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IBS: Every step of the way

Worried that you may have irritable bowel syndrome (IBS)? Dietitian and digestive health expert Dr Sue Shepherd cuts through the confusion and explains the steps you need to take to address your symptoms.

Irritable bowel syndrome (IBS) is the most common gastro-intestinal disorder, thought to affect around 15 per cent of the population worldwide. But the type, number and severity of symptoms and triggers of IBS can vary greatly between individuals — making it difficult to diagnose and, therefore, to treat.

If you’re concerned you may have IBS, or if you are confused about how to manage it if you have already been diagnosed, read on for our comprehensive step-by-step guide to the action you need to take: from getting diagnosed, to altering your diet and addressing any problems.

There is an official diagnostic criteria used to diagnose IBS, called the Rome III criteria. The Rome III criteria defines IBS as a condition where there is abdominal pain and altered bowel habits (either constipation or diarrhoea or a combination of both), in the absence of any other identifiable disease that may be causing those symptoms.

Outside the research laboratory, however, the symptoms of IBS expand more widely beyond abdominal pain and altered bowel habits. Other common symptoms include bloating, excess wind and abdominal distension.

Your doctor may not mention the Rome III criteria as it is usually used to ensure research studies are ‘comparing apples with apples’.

Sufferers can experience a broad range of symptoms, including:

  • Abdominal pain and discomfort
  • Bloating
  • Changes in bowel habits (ie. constipation and/or diarrhoea)
  • Heartburn
  • Nausea
  • Distension
  • Excessive wind
  • A noisy abdomen
  • Pain in the rectum

If you suspect you have IBS, it is worth investigating. IBS accounts for around five per cent or more of GP visits globally, and for 20-50 per cent of referrals to gut specialists (gastroenterologists).

It is estimated that more women than men are affected in a 2:1 ratio, and about half of those with IBS are under 35 years old.

It has also been estimated that about 30 per cent of IBS sufferers take sick leave, with 50 per cent of these absent from work for more than two weeks in a year. In a nutshell, this common disorder is a substantial source of ill-health in the community.

1.  See your doctor

If you have any of the common IBS symptoms (see above) on a regular basis, you need to discuss them with your GP — don’t ignore them. Also, don’t self-diagnose and assume you have IBS as it could be something more serious.

Your GP will ask about ‘red flags’ (ie. concerning symptoms) including blood in the stools, unexplained weight-loss of 5kg or more, symptoms that wake you up in the night, family history of bowel cancer, and if you were over the age of 50 when symptoms began.

Based on your symptoms, your GP may rule out conditions such as bowel cancer, coeliac disease, Crohn’s disease, ulcerative colitis and gynaecological issues (including endometriosis and ovarian cancer). Your GP may also refer you on to a gastroenterologist for further investigation. If there is no other cause identified for your symptoms, it is then likely you have IBS.

2.  See a dietitian

Many people who suspect they have IBS will start to change their diet in an effort to control their symptoms. If you suspect food is a culprit, however, we recommend that you consult with a dietitian first, as you may end up cutting out more than you need to, which could lead to you missing out on vital nutrients in your diet. A dietitian can help you replace foods you need to limit with other nutritious foods, to ensure your diet is balanced and nutritionally adequate.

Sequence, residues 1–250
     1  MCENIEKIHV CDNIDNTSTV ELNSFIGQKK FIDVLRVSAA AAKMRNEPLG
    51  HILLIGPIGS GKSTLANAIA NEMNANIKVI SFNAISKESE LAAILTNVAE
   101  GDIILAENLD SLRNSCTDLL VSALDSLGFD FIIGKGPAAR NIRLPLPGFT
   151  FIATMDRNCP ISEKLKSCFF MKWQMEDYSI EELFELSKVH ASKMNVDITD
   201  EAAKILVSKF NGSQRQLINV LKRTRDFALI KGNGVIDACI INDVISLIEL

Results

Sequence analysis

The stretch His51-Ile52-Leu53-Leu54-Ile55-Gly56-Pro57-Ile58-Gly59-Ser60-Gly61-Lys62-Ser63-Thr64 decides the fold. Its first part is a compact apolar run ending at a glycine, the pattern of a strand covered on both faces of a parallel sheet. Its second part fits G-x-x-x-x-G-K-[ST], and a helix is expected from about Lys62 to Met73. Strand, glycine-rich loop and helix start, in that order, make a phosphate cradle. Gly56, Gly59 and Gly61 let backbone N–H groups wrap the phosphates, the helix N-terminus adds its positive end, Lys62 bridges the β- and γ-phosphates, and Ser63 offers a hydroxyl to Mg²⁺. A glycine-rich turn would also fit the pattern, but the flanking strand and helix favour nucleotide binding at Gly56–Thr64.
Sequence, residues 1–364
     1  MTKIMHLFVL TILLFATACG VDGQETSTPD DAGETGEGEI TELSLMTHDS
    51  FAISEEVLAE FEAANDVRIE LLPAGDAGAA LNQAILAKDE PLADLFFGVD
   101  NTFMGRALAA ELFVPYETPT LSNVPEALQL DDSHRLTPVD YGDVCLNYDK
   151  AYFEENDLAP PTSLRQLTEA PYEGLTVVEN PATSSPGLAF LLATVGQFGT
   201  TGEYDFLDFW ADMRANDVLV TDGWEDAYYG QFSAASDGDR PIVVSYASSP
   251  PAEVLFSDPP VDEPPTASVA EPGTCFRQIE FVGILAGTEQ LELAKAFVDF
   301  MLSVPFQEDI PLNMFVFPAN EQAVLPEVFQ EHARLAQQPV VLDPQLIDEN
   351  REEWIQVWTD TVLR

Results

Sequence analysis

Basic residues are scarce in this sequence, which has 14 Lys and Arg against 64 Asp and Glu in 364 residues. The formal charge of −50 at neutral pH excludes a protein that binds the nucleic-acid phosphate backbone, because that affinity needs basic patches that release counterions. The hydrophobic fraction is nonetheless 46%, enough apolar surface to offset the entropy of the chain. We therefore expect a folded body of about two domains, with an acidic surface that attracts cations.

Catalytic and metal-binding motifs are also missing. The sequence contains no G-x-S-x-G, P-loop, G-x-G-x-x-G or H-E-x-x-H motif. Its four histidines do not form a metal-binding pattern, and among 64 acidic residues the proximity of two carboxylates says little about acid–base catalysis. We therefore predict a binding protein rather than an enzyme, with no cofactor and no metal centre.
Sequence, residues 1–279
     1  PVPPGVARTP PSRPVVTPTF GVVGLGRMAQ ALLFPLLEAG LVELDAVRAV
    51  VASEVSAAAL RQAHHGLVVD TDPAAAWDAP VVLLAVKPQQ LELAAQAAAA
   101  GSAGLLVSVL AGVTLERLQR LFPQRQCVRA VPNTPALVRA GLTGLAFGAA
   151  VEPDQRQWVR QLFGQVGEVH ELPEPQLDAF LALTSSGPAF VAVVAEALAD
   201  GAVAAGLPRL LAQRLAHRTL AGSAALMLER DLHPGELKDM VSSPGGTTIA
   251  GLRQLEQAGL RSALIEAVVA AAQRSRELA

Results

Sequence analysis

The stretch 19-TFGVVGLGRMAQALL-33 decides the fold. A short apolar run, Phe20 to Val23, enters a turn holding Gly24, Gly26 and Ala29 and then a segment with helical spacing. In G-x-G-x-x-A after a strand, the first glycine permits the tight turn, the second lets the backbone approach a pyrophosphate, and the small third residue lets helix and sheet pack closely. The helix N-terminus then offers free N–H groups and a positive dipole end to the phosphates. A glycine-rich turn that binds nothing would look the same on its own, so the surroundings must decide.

Cutting out foods without consulting a professional can also complicate a diagnosis. For example, many people suspect wheat causes their symptoms so they cut it out. However, as most people with symptoms of IBS need to be investigated for coeliac disease, it’s important you are still eating gluten (found in wheat, rye, barley, oats and foods made from these) when you are being tested, otherwise the results will be inaccurate.

If you have already removed gluten from your diet then you need to tell your doctor, who will recommend you eat foods containing gluten again before you are tested for coeliac disease.

3.  Consider having hydrogen/methane breath tests done

Breath tests to identify sugar malabsorption (eg. lactose, fructose, sorbitol) can be very useful to help indicate dietary triggers for your IBS. Breath tests are not essential but can be very useful to assist in refining the dietary advice your dietitian recommends.

How and why people get IBS is unknown. What is known, however, is that it is a chronic disorder and symptoms can vary in frequency and severity.

There are many potential triggers for IBS. These include diet, anxiety or stress, the efficiency of your gut and some medications and herbal supplements. Your GP or dietitian can help you to figure out what your triggers are and to come up with ways of managing them. This is another reason it is so important to consult a professional rather than trying to diagnose yourself.

One feature of IBS is something called ‘visceral hypersensitivity’. This means the nerve endings that surround the large bowel are very sensitive to things like gas production. Normally, our nerve endings aren’t so fussed about some gas production. However, in people with IBS, who can have more gas production than in people without IBS (eg. via fermentation of FODMAPs — see page 38), the nerve endings have a lower threshold of what they will tolerate before they are aggravated. These very sensitive nerve endings then tell the brain that they are not happy and the brain can respond by further increasing symptoms. The communication between the brain and the bowels is called the gut-brain axis, and the chatter that goes on between the gut and the brain is altered and exaggerated in people with IBS.